Today Academic Karma comes out of beta with the launch of a new website and we thought it was the perfect opportunity to explain what we think is wrong with peer review, why this is bad for science and how Academic Karma aims to fix peer review.
Peer-review is – at its best – a cornerstone of science. Good peer review identifies potential weaknesses in scientific work, encourages authors to do further work to provide convincing evidence if necessary, and helps to ensure that details required for others to understand and replicate experiments are presented. Good peer-review should lead to greater reproducibility and fewer retractions.
While publication is heavily incentivized – and publication rates continue to grow dramatically (e.g. doi:10.1371/journal.pone.0068397 ) – there are meagre rewards for good peer-review. Editors recount stories of prolific scientists who barely peer-review at all. The reviewing academics do is largely on the basis a sense of duty or friendly coercion from editors. As a result peer review is rarely prioritised and leads to long delays in publishing.
As explained in our animation and faq, Academic Karma is a universal peer review platform. This means that as a reviewer, you could now do all your reviewing, for whatever journal, using Academic Karma. You would then have a complete copy of all your peer review in a single place, and you would have a public profile listing the number of times per calendar year you reviewed for each journal. Unfortunately there is currently one caveat – the journal has to accept your review via email. Academic Karma will customise the review form to match the format required by any journal, which in our experience makes it possible for most journals to accept the review. If the journal is not willing to process a review which contains all the relevant information simply because you sent it via email, then do you really want to review for that journal anyway?
But the point of this blog is not to sell you on why you should use Academic Karma to improve your experience of peer-review (although we think it will!) but how a universal peer review platform like Academic Karma can help fix peer-review.
The first way is that it can change the incentive structure around reviewing. Academic Karma does this using a reviewing currency (which we call karma). When you review you earn karma, and when your manuscript is reviewed you pay karma. By keeping a positive balance you are reviewing enough to support the rate at which you are publishing. As an extra incentive, if you have a positive balance you can see reviews for your paper as soon as they are completed by the reviewer (i.e. without waiting for all of the other reviewers and editors to finish). Karma can then be awarded either on the basis of timeliness and quality of a review. We are currently transferring karma on the basis of reviews completed within 10 days (50 karma) or 20 days (25 karma) to incentivise timeliness, but it would be possible to incorporate quality measures into this transfer.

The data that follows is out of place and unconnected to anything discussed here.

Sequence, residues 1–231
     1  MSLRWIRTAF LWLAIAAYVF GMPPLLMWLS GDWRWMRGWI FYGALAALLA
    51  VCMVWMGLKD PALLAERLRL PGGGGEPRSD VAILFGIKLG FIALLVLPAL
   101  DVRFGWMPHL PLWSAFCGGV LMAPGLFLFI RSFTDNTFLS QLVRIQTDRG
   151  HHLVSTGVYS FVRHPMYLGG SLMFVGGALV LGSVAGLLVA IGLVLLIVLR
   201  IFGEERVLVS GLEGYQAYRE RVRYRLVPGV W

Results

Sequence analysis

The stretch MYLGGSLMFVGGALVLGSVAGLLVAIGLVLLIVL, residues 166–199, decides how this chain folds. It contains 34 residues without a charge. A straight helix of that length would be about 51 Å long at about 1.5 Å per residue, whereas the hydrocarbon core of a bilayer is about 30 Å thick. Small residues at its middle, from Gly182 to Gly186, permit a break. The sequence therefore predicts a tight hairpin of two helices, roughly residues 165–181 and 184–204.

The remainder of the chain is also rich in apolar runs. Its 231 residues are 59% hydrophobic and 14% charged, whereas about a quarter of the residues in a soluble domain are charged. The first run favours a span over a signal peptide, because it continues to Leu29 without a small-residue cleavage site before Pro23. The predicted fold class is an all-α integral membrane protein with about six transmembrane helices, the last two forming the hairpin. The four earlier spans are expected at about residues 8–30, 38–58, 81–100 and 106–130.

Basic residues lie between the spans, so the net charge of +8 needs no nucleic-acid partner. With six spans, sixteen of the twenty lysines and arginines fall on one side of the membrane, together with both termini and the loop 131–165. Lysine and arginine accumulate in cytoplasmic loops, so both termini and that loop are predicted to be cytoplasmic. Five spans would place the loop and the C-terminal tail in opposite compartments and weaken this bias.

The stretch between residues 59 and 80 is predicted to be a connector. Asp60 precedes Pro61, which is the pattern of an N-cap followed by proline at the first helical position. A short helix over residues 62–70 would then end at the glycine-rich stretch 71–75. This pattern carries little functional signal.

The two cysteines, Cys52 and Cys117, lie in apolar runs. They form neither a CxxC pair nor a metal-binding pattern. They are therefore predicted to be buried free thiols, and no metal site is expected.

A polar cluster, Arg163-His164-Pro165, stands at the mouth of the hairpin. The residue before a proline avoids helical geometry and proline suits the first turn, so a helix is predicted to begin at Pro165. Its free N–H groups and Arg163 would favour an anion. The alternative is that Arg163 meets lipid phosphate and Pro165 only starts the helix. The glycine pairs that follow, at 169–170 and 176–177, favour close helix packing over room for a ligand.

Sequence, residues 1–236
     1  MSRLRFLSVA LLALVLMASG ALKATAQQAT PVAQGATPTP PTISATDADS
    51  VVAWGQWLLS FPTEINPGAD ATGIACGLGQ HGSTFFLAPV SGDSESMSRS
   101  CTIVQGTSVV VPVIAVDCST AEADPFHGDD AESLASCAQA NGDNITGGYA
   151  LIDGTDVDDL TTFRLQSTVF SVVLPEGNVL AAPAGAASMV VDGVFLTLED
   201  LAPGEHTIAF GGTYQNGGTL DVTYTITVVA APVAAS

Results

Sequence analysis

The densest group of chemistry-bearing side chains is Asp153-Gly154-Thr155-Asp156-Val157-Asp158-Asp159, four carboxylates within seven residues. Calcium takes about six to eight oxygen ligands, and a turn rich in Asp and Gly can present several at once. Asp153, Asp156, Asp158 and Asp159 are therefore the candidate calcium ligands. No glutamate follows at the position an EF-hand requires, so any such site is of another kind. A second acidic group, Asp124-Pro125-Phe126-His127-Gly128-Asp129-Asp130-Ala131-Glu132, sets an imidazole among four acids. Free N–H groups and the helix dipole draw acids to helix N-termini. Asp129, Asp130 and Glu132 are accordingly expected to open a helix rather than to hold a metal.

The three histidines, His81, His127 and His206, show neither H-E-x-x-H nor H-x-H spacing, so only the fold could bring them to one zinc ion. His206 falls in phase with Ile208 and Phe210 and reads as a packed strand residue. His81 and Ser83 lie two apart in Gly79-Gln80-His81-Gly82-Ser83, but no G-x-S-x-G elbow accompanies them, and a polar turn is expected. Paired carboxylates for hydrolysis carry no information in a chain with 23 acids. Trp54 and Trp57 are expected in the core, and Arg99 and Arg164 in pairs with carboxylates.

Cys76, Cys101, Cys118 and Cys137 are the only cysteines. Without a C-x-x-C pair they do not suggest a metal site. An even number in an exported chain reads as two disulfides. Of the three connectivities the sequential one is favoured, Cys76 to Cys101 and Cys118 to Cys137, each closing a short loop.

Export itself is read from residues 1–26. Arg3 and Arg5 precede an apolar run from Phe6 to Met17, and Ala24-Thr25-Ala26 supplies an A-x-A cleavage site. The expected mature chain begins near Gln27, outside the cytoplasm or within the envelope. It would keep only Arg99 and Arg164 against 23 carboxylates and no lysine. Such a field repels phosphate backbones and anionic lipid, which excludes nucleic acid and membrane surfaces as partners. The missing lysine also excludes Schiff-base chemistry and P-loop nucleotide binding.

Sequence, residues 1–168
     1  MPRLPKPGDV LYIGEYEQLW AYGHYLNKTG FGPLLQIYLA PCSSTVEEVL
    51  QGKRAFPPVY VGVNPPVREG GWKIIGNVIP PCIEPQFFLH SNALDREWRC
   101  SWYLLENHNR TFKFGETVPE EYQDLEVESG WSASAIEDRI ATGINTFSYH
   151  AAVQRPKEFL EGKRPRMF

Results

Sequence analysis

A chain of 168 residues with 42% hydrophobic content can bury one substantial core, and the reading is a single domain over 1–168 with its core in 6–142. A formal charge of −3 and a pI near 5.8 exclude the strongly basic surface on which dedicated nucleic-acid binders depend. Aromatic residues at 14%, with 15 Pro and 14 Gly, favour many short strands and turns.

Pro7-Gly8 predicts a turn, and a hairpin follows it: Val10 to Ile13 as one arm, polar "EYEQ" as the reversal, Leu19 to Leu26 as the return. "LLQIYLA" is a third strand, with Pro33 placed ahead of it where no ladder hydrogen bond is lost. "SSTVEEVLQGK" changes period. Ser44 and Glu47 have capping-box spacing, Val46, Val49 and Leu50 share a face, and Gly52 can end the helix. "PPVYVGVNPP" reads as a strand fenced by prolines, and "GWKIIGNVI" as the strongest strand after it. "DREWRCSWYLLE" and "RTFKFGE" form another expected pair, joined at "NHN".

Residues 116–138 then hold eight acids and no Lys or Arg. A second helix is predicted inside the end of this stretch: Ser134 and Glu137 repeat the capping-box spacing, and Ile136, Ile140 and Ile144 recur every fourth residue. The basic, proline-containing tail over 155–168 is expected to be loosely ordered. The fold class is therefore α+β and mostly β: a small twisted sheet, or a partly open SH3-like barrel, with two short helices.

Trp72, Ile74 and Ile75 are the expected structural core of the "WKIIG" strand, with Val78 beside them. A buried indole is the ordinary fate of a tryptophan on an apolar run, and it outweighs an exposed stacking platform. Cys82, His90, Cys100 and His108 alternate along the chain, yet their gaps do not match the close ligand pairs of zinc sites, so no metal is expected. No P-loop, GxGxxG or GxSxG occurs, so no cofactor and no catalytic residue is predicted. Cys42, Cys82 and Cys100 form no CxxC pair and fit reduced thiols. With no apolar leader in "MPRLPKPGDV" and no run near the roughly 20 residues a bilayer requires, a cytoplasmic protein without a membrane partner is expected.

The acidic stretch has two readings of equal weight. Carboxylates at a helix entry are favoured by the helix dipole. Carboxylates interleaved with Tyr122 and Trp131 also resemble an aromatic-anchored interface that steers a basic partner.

The second way is that it keeps a publicly visible profile of an academic’s contribution as a reviewer. This provides extra visibility for reviewing activity, which we hope over time will be incorporated into the ways in which academics are evaluated.
The third way is that it decouples co-ordination of peer review from publishing. We sometimes mistakenly believe that we are peer reviewing ‘for’ a particular journal, when in fact we are peer reviewing for our peers, and for the scientific literature and science in general. However, peer review as a process has become something which is tightly tied to a journal. As a result, authors often have to re-start the peer review process with completely new reviewers when they submit a revised manuscript, even when many of the revisions have been done in response to reviewers reviewing ‘for’ the first journal. A universal peer review platform allows authors to keep the same reviewers even when resubmitting to a different journal. More broadly, however, it is worth noting that journals have not had to innovate much in terms of peer review – there has been substantially more innovation in other areas of publishing. By decoupling peer review co-ordination from publishing (while still allowing complete editorial control), it suddenly becomes possible to innovate purely in the area of peer review. This is exactly what Academic Karma is going to have to do if it is going to succeed in building a critical mass of enthusiastic peer-reviewers.
You can now sign in and register at Academic Karma using your ORCID credentials – so there is no need to remember yet another password/username. We hope this platform is a big step towards fixing peer review, but at the end of the day it is just a platform and we really need your support to turn it into a movement for reforming peer review.